thanks to John Scicluna we can watch breathtaking views of the Zonqor area. in Marsaskala (Malta). The film was made from the altitude of approximately 100 meters above the land.
The long awaited public transport reform in Malta is coming and I have a quick update to all regular readers. The Żonqor area of Marsascala is being served by the new system and the bus 124 drives through Zonqor every 30 minutes taking travellers there to Marsascala Centre or to the Deheb interchange in Żejtun from where they can choose how best to continue their journey. All of these areas will therefore be experiencing a considerable improvement on the connections they enjoy today. To get from Marsaskala to Valletta we have to catch the bus 91. It should be stopping every 10 minutes in the peak times and every 20 minutes out off peak times. Here you can see the bus 91 schedule.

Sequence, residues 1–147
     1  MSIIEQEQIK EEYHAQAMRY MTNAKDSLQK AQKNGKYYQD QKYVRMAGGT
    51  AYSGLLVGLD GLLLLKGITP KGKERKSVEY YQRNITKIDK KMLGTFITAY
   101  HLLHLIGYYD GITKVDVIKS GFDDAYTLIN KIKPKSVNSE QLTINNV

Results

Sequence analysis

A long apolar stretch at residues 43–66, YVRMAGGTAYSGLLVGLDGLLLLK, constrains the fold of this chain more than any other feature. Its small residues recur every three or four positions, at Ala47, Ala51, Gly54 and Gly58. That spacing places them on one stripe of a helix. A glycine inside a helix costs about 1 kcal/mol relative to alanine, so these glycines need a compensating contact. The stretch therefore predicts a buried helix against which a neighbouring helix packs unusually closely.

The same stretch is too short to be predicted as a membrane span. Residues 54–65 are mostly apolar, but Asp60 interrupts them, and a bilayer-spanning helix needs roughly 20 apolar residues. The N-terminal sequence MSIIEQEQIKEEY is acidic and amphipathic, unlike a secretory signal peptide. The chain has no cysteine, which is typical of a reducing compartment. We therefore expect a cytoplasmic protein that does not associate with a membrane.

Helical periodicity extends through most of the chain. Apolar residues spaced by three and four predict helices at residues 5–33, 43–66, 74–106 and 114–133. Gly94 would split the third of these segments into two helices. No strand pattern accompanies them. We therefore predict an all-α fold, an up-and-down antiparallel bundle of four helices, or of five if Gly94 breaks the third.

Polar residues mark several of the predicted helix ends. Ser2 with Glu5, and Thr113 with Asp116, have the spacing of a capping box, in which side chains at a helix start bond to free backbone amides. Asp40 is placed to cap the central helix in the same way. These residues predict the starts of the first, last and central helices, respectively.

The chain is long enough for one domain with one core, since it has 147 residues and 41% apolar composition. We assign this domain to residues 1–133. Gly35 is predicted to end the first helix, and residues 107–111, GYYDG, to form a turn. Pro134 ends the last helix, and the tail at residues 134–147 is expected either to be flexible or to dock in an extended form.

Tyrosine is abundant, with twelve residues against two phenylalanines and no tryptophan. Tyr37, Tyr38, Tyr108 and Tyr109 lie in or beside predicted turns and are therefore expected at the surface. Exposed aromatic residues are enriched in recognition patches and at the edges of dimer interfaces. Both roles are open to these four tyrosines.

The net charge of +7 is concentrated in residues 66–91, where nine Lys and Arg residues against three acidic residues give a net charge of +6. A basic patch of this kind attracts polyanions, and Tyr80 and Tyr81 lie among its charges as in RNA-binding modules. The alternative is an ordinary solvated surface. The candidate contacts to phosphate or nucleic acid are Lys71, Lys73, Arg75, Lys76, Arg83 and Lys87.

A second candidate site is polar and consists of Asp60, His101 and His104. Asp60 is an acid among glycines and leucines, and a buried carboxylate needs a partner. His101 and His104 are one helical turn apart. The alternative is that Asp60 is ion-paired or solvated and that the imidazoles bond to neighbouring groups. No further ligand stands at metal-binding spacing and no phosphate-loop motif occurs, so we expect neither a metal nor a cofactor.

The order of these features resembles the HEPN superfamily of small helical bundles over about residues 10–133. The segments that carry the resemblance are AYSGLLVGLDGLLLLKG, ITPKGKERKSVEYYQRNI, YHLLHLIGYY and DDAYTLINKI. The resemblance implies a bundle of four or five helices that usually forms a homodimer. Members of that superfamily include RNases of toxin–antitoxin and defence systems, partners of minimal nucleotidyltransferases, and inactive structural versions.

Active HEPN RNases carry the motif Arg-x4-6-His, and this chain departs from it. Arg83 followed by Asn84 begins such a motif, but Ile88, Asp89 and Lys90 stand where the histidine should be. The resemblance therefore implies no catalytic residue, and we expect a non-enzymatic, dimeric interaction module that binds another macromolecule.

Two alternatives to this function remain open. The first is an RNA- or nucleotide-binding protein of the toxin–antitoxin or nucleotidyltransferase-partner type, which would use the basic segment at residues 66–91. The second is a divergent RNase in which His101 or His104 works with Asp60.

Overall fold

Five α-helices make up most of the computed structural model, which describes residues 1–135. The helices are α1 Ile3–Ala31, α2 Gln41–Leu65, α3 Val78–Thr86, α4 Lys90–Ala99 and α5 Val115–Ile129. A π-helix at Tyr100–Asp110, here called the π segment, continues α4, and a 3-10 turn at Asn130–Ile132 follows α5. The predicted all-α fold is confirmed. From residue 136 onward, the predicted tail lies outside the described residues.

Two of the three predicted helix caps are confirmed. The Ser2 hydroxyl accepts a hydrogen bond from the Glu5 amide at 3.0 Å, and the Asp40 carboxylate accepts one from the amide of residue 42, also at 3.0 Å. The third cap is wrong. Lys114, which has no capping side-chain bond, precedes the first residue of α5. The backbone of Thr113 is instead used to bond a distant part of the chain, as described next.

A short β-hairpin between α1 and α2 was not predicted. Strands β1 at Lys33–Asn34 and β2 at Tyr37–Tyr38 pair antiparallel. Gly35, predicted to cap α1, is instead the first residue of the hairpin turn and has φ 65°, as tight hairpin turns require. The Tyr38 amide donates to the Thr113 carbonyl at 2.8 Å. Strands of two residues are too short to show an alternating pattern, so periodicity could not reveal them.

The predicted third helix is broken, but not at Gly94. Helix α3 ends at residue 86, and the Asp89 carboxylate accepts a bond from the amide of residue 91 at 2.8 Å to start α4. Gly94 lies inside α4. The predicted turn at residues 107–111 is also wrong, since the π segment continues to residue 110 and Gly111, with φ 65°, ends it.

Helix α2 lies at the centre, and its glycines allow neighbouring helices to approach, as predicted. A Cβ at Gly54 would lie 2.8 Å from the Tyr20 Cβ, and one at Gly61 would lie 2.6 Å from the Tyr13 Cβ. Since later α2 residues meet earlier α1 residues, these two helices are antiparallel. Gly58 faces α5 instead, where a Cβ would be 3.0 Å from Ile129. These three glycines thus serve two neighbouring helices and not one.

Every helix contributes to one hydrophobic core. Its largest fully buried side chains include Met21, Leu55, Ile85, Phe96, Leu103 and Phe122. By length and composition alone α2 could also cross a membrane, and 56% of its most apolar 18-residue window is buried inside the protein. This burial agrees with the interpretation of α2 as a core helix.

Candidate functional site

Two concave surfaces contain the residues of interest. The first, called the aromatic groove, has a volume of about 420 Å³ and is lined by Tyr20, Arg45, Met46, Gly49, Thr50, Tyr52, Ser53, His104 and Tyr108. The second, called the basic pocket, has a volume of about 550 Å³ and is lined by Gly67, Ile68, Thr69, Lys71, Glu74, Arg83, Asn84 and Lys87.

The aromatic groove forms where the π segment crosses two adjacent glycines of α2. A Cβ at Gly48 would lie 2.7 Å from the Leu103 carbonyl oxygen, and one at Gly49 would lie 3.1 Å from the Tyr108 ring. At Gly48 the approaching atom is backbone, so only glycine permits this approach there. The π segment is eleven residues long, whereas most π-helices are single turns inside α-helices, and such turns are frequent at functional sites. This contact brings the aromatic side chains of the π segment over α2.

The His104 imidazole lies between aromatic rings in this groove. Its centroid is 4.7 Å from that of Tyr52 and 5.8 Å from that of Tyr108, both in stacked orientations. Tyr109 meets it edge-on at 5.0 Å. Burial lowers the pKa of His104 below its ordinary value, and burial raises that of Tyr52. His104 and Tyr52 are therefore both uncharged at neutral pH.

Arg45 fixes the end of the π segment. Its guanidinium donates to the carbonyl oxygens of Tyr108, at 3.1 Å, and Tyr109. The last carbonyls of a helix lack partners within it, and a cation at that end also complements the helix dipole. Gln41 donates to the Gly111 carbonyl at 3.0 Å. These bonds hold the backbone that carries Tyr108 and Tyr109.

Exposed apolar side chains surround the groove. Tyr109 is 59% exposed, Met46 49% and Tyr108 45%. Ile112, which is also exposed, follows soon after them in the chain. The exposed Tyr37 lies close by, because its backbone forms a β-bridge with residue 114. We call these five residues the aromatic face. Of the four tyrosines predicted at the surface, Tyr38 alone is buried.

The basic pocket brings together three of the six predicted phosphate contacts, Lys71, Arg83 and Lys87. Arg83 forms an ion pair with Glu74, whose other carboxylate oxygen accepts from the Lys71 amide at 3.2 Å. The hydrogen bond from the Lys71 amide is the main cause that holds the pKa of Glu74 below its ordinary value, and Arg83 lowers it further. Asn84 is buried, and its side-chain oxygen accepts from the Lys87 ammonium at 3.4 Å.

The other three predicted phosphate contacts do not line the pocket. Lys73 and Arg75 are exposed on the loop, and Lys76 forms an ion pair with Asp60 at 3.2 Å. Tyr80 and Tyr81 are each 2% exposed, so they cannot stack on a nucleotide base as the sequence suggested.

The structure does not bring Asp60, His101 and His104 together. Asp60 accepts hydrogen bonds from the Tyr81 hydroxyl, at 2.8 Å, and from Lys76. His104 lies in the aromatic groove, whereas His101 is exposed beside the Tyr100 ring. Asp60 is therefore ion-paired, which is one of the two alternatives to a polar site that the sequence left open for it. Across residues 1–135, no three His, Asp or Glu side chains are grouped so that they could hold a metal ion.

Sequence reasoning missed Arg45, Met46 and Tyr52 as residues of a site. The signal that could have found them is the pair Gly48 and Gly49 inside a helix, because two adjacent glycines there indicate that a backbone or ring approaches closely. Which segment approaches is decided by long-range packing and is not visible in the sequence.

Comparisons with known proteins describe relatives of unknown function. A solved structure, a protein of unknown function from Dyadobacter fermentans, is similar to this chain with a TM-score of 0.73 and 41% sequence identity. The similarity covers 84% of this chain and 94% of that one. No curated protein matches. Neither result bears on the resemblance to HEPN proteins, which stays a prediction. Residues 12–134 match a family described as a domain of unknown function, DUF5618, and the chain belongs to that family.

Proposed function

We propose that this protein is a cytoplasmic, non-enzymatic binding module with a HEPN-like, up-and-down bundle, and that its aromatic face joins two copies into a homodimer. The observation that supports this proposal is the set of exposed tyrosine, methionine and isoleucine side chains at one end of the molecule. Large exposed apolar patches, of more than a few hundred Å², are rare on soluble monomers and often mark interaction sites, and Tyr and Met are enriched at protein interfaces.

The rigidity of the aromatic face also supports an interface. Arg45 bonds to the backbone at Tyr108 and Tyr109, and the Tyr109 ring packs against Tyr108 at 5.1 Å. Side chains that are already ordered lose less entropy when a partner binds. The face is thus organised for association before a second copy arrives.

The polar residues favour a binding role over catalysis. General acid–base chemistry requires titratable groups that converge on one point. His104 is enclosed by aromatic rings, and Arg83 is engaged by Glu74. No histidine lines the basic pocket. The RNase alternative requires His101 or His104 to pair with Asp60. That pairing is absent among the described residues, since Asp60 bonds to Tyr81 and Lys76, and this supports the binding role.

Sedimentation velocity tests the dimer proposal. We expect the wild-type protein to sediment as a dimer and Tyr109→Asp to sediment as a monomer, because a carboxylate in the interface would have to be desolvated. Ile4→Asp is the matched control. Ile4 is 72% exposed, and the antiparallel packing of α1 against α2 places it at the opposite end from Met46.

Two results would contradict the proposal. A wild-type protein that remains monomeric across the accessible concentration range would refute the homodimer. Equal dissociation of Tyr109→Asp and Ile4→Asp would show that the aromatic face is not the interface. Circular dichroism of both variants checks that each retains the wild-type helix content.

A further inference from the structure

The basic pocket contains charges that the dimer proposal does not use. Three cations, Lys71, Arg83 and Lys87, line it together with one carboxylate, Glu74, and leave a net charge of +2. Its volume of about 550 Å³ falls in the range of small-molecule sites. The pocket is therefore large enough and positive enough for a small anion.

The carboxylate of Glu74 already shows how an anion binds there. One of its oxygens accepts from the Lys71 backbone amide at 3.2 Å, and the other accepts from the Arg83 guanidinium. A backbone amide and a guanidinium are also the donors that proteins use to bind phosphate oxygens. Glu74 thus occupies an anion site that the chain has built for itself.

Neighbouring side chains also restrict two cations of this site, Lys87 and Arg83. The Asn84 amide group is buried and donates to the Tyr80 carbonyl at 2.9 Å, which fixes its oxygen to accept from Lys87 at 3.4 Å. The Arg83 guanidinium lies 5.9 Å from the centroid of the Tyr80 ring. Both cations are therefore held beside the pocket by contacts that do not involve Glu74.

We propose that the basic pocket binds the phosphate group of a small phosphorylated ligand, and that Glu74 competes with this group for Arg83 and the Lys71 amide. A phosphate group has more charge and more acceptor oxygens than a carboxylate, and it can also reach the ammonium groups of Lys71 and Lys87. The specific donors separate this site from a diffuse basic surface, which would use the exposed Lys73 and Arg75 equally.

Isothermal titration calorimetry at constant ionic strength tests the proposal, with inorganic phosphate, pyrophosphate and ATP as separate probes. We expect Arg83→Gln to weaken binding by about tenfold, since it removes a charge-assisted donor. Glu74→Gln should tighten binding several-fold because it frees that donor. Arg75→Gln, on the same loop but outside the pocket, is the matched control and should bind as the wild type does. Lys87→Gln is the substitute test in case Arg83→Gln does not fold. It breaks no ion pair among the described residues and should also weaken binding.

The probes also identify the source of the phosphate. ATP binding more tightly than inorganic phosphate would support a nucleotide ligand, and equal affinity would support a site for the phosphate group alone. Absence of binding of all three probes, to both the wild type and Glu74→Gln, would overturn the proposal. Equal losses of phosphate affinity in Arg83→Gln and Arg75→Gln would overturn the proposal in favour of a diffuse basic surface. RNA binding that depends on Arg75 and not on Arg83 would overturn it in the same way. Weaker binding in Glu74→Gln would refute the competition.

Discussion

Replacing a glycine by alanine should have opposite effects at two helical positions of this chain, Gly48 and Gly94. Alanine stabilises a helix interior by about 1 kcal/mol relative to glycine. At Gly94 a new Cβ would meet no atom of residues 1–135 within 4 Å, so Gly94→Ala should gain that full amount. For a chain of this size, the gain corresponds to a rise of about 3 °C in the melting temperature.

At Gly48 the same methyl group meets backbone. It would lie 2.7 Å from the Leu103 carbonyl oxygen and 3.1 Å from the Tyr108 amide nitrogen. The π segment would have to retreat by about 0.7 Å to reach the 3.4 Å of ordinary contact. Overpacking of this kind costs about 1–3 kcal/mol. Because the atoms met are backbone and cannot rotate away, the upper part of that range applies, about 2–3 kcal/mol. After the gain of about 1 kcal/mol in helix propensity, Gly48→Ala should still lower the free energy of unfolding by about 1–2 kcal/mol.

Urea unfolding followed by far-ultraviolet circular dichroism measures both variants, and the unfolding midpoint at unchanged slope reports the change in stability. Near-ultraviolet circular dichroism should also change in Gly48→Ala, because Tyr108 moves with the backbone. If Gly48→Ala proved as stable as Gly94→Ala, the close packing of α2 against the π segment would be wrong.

Local quarrymen refer to the easily worked Globigerina Limestone as franka; the harder-wearing coralline limestones are called zonqor. Both were widely used in the building of the islands’ massive fortifications. FIRST QUALITY LIMESTONE (local name Gebel tal Qammi or Zonqor tal-Prima) It is a hard, non-porous, recrystallized and polishable limestone or marble. Varies in colour from white, yellow and brownish to reddish and greenish. SECOND QUALITY LIMESTONE (local name Zonqor tas-Seconda) It is a hard, porous, recrystallized and polishable limestone or marble. It also varies in colour as does the first quality limestone. However, it is softer and less resistant to weather. Both qualities have been used for floors, pavements, steps and foundations, and laid in blocks; today they are used only as raw material for manufacturing aggregates.